Nuclear Bomb Detonates In Underground Cavern – Crew Returns 6 Months Later To This Bizarre Discovery
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It might be difficult to believe but there are uses for atomic bombs other than just leveling a city. In the early 1960s, the United States Military had practically bombed everything to hell and back with testing in the Bikini Atoll and New Mexico Desert. It was time for a change, a time to see if nuclear bombs could be used for another purpose.
Enter Project Gnome, which was an experiment to see the effects of nuclear bombs for use in construction. To use these detonations to hollow out mountains or level hills to create roads. There are of course inherent dangers to an experiment like this so it was conducted in a cavern 1,115 feet underground and the shaft was sealed with concrete. However, things did not go as planned and the explosion raised the ground higher than expected and shot radiation into the air.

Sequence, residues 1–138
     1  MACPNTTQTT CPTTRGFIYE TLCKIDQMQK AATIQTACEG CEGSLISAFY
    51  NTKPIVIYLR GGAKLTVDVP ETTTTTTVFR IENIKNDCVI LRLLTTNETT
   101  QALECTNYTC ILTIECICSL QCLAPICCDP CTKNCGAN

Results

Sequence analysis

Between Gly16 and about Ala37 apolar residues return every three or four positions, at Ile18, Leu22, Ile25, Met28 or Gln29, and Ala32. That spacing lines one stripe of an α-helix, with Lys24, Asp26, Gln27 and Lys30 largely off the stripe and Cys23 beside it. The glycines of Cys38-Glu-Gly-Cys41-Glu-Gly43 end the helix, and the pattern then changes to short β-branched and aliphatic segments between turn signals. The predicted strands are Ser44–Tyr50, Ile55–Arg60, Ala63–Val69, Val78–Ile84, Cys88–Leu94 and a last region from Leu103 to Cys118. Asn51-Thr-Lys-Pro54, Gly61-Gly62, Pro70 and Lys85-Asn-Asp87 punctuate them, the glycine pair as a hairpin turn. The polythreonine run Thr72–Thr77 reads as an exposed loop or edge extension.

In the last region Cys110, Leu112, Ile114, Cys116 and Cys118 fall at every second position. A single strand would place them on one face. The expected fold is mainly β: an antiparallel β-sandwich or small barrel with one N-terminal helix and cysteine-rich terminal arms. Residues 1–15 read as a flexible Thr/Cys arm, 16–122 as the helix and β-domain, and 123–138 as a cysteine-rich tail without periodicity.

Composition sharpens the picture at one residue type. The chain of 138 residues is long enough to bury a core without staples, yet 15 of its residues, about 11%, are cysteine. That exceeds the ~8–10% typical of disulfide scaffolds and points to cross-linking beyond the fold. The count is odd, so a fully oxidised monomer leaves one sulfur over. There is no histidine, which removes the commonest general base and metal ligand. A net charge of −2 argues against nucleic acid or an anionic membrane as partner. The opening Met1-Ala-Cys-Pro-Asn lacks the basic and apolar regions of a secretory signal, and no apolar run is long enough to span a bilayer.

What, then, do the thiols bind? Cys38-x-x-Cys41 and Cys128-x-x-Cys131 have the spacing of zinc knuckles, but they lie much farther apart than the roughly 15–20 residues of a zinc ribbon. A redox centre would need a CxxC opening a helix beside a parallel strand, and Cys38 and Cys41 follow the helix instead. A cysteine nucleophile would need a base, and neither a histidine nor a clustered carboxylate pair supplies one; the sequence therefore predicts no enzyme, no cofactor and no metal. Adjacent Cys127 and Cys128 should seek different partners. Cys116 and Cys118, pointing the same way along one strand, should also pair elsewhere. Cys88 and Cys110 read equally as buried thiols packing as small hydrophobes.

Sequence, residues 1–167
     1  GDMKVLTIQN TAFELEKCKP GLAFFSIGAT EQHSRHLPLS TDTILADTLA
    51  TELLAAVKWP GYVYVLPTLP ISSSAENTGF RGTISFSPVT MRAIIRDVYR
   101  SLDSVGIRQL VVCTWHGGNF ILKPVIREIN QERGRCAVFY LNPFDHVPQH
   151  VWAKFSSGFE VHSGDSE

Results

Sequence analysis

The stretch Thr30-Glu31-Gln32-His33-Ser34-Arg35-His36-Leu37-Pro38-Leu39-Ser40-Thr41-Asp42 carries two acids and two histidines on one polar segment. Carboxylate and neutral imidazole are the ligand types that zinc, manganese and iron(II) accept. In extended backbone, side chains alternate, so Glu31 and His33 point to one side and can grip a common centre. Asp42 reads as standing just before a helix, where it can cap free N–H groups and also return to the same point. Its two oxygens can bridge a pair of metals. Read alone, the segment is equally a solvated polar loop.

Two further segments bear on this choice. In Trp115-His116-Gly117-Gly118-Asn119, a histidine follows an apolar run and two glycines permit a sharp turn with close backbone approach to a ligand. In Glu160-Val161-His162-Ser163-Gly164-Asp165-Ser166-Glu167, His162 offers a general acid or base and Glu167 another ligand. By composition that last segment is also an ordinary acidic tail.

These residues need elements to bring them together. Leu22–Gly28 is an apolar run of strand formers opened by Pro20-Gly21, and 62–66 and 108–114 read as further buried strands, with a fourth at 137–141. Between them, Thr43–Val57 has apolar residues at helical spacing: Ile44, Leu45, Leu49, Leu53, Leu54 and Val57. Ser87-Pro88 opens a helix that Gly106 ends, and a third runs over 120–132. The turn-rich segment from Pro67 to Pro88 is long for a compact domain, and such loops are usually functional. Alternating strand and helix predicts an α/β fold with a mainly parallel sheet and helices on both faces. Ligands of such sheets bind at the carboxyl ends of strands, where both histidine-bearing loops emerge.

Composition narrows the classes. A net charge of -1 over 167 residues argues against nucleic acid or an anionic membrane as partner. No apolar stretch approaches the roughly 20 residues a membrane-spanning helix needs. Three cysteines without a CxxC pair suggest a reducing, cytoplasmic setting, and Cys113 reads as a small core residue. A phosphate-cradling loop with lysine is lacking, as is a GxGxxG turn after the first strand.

For the sake of their safety, the researchers chose to wait before returning to the area of the blast. Six months after the detonation, teams of researchers drilled down into the pit of the explosion to examine the results.
“When they did, scientists found that the blast had created pillars of melted salt and had irradiated other salts over the ceiling until they were bright blue, green, and purple. The cavern was still 140 degrees Fahrenheit. No one was going to either live or drive through, that place.”
– Esther Inglis-Arkell
The plan to use atomic weaponry for construction turned out to be a massive bust. Even six months after the detonation the conditions were inhospitable and potentially life-threatening. Whether you like it or not these bombs just end up killing people, fast or slow. To get a good look at the detonation from Project Gnome, check out this clip.